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East Haxted Farm Cottage

A Grade II Listed Building in Dormansland, Surrey

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Coordinates

Latitude: 51.1922 / 51°11'32"N

Longitude: 0.0384 / 0°2'18"E

OS Eastings: 542533

OS Northings: 145642

OS Grid: TQ425456

Mapcode National: GBR LMK.4JD

Mapcode Global: VHHQ2.M94C

Entry Name: East Haxted Farm Cottage

Listing Date: 20 November 2008

Grade: II

Source: Historic England

Source ID: 1392997

English Heritage Legacy ID: 505899

Location: Dormansland, Tandridge, Surrey, TN8

County: Surrey

District: Tandridge

Civil Parish: Dormansland

Traditional County: Surrey

Lieutenancy Area (Ceremonial County): Surrey

Church of England Parish: Lingfield St Peter and St Paul

Church of England Diocese: Southwark

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Edenbridge

Listing Text


188/0/10027 HAXTED ROAD
20-NOV-08 HAXTED
EAST HAXTED FARM COTTAGE

II
Farm cottage with attached agricultural building. The north east bay of the cottage and south west agricultural building are mid C18, the south west bay was added circa 1800, linking the two earlier parts. The cottage was refurbished in the 1930s. The attached late C19 barn with C20 corrugated roof is not of special interest.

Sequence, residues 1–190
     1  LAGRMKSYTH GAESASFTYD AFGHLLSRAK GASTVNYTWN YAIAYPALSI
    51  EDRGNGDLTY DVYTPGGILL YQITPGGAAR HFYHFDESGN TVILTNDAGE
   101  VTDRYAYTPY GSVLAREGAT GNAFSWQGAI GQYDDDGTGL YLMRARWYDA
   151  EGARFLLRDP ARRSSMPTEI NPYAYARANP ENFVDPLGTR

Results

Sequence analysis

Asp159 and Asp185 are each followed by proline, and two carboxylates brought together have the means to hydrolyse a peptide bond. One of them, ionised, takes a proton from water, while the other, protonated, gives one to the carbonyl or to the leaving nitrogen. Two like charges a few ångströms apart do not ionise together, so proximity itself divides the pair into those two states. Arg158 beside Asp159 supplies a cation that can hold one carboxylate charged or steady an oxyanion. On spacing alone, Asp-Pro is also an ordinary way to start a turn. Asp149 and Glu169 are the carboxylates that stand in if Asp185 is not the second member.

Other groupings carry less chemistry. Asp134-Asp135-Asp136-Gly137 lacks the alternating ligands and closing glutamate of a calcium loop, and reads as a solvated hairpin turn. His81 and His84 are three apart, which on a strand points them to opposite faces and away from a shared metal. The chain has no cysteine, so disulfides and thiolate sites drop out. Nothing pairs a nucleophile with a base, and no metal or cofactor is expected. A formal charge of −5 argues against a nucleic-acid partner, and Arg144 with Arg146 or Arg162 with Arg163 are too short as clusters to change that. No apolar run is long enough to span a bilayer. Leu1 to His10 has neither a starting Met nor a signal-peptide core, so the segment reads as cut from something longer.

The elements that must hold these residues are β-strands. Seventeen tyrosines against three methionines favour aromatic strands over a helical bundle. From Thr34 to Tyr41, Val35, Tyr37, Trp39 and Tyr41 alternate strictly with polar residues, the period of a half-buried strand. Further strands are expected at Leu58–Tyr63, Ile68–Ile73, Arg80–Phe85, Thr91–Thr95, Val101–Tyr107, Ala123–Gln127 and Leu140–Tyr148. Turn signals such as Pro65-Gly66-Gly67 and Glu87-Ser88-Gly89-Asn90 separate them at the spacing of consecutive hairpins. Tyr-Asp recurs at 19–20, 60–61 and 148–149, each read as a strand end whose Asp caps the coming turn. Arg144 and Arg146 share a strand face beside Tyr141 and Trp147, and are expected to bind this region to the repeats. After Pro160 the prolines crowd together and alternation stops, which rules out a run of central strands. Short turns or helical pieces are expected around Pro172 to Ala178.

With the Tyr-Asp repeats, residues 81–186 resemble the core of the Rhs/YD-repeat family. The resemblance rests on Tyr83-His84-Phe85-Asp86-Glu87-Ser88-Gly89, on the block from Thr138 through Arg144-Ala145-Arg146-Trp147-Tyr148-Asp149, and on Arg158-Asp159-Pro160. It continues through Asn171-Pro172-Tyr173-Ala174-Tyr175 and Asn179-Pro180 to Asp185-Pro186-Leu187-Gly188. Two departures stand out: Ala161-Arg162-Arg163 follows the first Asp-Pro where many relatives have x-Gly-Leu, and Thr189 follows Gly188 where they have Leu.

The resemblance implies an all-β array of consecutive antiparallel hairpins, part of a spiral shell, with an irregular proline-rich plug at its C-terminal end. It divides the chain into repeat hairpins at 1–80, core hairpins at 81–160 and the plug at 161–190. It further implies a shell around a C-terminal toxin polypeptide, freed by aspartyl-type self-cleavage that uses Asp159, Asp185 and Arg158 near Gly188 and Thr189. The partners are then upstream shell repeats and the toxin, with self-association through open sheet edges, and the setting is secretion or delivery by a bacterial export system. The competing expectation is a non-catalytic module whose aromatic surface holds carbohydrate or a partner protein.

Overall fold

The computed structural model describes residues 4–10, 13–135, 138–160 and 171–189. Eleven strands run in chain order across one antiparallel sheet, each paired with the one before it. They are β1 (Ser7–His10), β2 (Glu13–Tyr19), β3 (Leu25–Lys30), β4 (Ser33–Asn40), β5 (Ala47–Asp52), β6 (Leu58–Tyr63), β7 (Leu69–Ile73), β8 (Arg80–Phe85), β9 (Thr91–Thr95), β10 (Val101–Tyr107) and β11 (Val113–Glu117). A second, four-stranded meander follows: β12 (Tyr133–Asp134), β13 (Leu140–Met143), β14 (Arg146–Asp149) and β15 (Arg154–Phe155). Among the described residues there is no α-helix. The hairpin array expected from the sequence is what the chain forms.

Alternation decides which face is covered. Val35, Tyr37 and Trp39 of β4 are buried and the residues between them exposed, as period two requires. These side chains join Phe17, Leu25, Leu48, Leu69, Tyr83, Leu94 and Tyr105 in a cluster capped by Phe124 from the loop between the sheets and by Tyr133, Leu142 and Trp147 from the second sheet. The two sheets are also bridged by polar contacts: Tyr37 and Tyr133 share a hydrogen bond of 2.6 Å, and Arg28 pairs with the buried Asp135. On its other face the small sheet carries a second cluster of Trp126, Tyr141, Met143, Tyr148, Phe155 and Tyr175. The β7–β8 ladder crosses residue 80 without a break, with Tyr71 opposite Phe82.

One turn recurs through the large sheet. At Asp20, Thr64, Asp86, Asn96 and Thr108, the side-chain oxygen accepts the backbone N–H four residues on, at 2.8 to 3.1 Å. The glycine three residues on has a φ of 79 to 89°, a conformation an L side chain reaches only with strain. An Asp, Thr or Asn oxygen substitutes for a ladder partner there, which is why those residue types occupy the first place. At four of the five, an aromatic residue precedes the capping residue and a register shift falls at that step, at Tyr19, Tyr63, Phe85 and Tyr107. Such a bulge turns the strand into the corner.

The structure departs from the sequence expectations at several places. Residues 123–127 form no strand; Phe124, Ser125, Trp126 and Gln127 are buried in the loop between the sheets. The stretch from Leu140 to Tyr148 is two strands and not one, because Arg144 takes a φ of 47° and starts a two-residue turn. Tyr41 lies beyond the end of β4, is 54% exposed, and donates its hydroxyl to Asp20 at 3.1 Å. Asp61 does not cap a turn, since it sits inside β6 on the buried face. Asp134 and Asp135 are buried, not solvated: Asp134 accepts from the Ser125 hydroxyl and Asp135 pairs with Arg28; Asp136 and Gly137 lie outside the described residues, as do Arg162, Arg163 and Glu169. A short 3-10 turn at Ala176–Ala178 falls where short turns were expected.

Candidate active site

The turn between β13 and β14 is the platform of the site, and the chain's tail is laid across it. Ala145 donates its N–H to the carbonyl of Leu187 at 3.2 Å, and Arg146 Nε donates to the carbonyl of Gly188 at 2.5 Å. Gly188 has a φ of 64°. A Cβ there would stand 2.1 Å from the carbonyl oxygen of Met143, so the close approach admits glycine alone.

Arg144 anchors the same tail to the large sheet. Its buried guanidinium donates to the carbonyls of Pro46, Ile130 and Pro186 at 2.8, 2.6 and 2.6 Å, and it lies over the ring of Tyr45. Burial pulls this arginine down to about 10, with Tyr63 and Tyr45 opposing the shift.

MATERIALS: The ground floor of the cottage is red brick in Flemish bond with some vitrified headers and the first floor tile-hung over a timber frame of thin scantling. The tiled roof is gabled to the north west, hipped to the south west and south east with a catslide roof to the south west and has an original end chimneystack to the north east and C20 external chimneystack to the south west.

PLAN: The north east bay of the cottage was constructed first as a two storey single bay end chimneystack cottage with outshot, comprising one heated room and outshot on the ground floor and a single heated room above. This was extended to the south west by a further two storey bay, comprising an unheated ground floor room and two unheated first floor rooms, which altered the plan of the cottage to an L-shape. This extension also linked the cottage to a single storey two bay farm building. All three elements are separately framed.

EXTERIOR: The north west or entrance front has a brick dentil cornice between the ground and first floor of the southern bay only. There are two early C20 wooden casements, a further ground floor casement window to the return of the southern bay and a 1930s plank door with glazed panel and iron hinges to the northern bay. The north east side has an end brick chimneystack projecting only on one side where the first floor is tile-hung. On the other side timber framing of thin scantling is exposed at first floor level. The south east side has a catslide roof to the northern bay, which has an early C20 wooden casement window and plank door. The attached single storey agricultural building has a dentil cornice and wide doorcase with wooden architrave and plank door.